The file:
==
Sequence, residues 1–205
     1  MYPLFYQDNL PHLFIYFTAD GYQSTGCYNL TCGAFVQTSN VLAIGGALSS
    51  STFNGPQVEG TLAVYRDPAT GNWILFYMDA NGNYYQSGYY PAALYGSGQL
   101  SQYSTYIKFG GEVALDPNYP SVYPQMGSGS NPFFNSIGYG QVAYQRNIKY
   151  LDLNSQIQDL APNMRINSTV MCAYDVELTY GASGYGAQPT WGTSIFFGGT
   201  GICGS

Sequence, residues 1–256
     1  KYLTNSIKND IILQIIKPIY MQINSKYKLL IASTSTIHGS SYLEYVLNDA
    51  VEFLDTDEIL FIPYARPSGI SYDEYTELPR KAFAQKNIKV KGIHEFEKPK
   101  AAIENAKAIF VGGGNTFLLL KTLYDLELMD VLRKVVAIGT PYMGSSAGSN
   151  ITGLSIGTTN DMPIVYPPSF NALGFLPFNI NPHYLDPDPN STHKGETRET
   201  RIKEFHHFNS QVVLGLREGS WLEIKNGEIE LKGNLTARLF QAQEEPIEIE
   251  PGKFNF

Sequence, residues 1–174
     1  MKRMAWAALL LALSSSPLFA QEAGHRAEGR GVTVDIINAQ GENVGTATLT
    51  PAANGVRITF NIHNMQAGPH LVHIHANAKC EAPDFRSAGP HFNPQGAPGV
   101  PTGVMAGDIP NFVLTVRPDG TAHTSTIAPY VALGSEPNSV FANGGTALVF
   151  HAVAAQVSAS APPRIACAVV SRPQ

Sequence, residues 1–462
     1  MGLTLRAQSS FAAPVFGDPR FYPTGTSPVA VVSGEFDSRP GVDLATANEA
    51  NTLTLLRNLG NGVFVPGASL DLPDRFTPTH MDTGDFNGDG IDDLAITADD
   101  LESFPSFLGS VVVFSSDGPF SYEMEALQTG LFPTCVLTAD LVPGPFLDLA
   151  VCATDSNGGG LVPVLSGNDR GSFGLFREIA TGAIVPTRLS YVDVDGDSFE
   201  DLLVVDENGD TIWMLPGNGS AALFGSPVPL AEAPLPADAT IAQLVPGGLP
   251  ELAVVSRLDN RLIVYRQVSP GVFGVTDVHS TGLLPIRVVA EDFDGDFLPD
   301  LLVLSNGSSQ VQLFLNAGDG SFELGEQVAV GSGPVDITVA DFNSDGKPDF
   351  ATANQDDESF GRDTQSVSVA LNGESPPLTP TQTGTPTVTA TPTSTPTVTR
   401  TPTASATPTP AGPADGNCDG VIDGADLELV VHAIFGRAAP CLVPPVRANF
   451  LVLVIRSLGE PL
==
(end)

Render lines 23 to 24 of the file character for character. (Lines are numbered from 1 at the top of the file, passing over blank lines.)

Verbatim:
   151  VCATDSNGGG LVPVLSGNDR GSFGLFREIA TGAIVPTRLS YVDVDGDSFE
   201  DLLVVDENGD TIWMLPGNGS AALFGSPVPL AEAPLPADAT IAQLVPGGLP